Roy Schestowitz <firstname.lastname@example.org> wrote:
>I still doubt the ability of pen strokes to bring the battery to complete
>drainage... the Palm unit would insist on 'going to sleep'
I dunno if the pen strokes work for sure, I've never tried them.
But you can kill the battery with software. For example the Palm m5xx series had
a problem with static discharge. One accidental zap and it would scramble the
data that ran the PDA's USB port. You could still hotsync using a serial port
cable (which you had to go out and buy and was much slower), but you could no
longer hotsync with the USB cable that came with the unit. The only fix was to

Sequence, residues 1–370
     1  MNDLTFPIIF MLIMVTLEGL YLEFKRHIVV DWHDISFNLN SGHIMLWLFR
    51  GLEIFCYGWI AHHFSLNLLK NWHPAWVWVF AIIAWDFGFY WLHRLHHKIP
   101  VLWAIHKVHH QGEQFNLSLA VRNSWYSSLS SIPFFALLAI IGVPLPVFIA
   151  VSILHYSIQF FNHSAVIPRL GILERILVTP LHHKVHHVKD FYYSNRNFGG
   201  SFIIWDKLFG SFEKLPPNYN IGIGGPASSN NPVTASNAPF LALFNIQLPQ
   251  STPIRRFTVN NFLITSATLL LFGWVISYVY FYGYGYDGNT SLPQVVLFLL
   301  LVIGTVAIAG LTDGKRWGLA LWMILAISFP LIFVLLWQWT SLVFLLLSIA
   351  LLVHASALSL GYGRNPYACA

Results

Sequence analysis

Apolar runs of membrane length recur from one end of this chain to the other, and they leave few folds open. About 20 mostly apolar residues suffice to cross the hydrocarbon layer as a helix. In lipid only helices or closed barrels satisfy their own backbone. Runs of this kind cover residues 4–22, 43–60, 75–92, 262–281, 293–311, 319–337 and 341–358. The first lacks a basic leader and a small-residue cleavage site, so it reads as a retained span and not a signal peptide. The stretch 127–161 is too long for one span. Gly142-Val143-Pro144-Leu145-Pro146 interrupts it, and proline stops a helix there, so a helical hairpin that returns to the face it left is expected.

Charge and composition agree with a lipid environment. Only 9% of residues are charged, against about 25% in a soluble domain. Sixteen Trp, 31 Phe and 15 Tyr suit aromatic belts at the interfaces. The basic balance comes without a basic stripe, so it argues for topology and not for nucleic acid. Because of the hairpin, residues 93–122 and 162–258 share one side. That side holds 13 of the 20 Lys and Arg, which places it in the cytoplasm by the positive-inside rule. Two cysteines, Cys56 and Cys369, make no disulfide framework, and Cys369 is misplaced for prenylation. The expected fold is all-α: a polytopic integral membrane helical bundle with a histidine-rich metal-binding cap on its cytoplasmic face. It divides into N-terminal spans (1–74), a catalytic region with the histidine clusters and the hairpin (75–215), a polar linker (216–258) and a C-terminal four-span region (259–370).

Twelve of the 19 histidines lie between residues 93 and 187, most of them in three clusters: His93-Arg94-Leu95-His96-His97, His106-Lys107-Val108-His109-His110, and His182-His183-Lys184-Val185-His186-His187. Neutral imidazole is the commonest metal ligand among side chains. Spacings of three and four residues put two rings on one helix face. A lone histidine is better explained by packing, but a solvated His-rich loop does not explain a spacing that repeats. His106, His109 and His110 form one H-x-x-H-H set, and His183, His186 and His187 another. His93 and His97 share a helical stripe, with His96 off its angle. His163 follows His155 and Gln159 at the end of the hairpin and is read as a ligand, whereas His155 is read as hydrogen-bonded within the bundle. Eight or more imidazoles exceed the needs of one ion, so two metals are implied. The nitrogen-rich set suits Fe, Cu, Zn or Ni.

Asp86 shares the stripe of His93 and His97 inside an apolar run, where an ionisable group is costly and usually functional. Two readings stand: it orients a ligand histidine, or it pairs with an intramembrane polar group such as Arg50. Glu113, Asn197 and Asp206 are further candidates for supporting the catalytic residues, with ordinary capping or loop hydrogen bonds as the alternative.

completely kill the battery. Palm's official fix was to send you a SD card with
a program on it that killed the battery. Many chose to open the unit and
disconnect the battery to avoid damage. (Killing a LI battery is bad for it
according to many sources.) And the part that sucked was that if you
accidentally zapped it again, the problem was back again.
>The unit is programmed to avoid data damage even if
> it is _exactly_ what you wish to do.
Yes, a PDA is programmed to save the data if the battery goes too low, but like
most computers you can work around it. However killing the battery will only
work with PDAs using volatile memory. Not with PDAs using *non-volatile* memory
like the T5, TE2 and Lifedrive. If they should succumb to a similar data
scramble problem what then? Killing the battery won't work. How would you fix
them? Are you SOL? Is it a trip back to Palm? I'm waiting for the first example
to be along shortly... ;)